Quick notes

We are still in the Wayback Machine, Mr. Peabody. Apparently a lot happened in 2015 too! Three notes of interest.

The British Journal of Nutrition published a study on nut consumption and cardiovascular disease mortality, coronary heart disease mortality and all-cause mortality. They found an inverse relationship – meaning as nut consumption INCREASED disease/mortality rates DECREASED. The “sweet spot” was four servings/week. This came from a compilation of 29 studies; glancing at the abstract suggests the “dose” is about one ounce. Darn, isn’t quantity where we often go off the rails?

The American Journal of Preventive Medicine linked TV viewing to mortality from cancer, coronary heart disease, chronic obstructive lung disease, diabetes, flu/pneumonia, Parkinson’s, liver disease and suicide. Crazy right? And we had intended to eat those nuts while watching TV.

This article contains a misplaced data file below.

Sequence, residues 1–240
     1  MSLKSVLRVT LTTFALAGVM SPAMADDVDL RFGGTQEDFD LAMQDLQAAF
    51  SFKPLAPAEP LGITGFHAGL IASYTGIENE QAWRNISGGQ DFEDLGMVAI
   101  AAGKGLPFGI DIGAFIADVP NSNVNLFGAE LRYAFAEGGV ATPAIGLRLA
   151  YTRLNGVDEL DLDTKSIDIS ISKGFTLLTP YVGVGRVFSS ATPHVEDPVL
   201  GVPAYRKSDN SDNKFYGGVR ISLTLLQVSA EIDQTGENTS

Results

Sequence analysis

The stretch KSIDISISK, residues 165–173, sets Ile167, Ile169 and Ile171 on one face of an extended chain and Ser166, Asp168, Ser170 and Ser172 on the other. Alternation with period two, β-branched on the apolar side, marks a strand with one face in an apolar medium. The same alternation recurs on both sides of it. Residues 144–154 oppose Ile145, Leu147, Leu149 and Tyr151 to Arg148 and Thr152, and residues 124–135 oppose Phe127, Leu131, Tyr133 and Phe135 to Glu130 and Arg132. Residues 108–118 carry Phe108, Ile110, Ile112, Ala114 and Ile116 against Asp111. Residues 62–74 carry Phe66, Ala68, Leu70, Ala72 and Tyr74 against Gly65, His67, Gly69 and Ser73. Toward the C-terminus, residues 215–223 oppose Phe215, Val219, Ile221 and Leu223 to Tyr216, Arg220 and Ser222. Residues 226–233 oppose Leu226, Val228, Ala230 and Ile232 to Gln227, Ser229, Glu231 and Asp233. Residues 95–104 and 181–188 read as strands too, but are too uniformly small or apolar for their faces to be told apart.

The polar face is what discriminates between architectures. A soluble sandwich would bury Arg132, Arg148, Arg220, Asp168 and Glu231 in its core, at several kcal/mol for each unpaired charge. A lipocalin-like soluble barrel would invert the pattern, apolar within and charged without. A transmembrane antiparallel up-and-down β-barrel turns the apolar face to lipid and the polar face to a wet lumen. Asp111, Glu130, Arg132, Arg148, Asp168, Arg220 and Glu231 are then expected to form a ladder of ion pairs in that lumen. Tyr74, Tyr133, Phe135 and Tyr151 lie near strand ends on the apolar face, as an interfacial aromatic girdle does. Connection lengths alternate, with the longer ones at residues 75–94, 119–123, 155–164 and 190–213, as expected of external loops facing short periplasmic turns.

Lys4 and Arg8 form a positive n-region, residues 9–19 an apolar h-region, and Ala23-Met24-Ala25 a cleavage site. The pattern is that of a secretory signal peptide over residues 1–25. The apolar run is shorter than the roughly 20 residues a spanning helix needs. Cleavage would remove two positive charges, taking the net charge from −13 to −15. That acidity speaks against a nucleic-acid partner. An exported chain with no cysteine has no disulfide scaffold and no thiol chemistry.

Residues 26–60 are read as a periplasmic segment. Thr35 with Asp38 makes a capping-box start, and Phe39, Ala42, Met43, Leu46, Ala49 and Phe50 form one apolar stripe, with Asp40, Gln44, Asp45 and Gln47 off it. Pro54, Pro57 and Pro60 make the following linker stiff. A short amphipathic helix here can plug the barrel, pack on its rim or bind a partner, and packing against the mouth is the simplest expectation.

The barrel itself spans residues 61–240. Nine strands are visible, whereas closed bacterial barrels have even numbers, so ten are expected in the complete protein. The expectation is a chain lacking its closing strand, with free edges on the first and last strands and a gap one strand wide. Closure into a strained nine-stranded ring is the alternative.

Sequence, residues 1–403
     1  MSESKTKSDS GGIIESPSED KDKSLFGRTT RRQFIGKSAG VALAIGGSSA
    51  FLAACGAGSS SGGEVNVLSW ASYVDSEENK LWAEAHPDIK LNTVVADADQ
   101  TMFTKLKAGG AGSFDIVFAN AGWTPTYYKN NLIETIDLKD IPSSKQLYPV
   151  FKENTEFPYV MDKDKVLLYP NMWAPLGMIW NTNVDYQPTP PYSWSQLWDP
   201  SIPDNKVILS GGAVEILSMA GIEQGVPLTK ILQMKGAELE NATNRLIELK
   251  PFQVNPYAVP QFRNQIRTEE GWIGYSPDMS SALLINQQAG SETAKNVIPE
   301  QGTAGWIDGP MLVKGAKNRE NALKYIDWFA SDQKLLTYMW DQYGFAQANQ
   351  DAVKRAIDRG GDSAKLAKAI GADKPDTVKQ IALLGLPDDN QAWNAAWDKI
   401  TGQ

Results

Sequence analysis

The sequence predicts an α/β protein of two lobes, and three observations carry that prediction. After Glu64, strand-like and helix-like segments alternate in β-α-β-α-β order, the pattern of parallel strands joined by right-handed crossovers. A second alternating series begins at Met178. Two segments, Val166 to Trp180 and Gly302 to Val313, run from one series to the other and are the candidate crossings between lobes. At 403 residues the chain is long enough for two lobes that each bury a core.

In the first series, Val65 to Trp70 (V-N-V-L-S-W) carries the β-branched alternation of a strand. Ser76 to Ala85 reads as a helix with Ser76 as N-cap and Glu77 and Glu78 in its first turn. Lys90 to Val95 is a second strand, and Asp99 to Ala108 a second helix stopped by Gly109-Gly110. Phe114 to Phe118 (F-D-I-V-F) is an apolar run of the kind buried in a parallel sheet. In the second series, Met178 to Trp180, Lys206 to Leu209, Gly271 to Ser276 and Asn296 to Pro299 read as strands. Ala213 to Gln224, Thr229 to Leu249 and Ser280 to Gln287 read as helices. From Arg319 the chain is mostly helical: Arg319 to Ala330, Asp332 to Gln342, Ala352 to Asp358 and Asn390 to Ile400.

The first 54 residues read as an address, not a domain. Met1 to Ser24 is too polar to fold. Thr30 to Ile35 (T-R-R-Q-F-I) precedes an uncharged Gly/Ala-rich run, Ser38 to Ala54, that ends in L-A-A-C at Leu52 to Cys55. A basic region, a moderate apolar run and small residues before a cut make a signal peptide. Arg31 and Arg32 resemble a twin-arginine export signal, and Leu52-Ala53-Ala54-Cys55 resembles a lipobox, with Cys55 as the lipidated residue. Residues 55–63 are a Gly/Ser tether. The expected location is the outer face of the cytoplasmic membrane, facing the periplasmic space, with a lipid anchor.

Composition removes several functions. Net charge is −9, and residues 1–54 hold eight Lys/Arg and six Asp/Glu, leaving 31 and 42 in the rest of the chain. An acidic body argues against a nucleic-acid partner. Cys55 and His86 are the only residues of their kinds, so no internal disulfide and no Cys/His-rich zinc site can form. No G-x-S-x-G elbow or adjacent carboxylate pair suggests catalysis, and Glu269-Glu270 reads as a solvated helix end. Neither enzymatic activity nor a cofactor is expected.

You might guess inactivity and your penchant to eating/drinking while sedentary is the problem. But many of us can also agree, TV content is not healthy either!

The  third study uses data from the US’ largest and longest study which translates to conclusions applicable to most of our population. This study highlighted the importance of central obesity and was published in the Annals of Internal Medicine.

We’ve long sought for the “perfect” predictor of how weight effects our health. Data has been accumulating that hip:waist ratio is key. Briefly, if your hip and waist measurement are the same, you are carrying your weight in the wrong place for your health. Ideally, 0.8 or less for women and 0.95 or lower for men is best. That visceral fat (around your viscera, or organs or waist) is predictive of diabetes, high blood pressure and coronary heart disease.

So, nuts, limited TV (or screen time) and watch your waist to be well,




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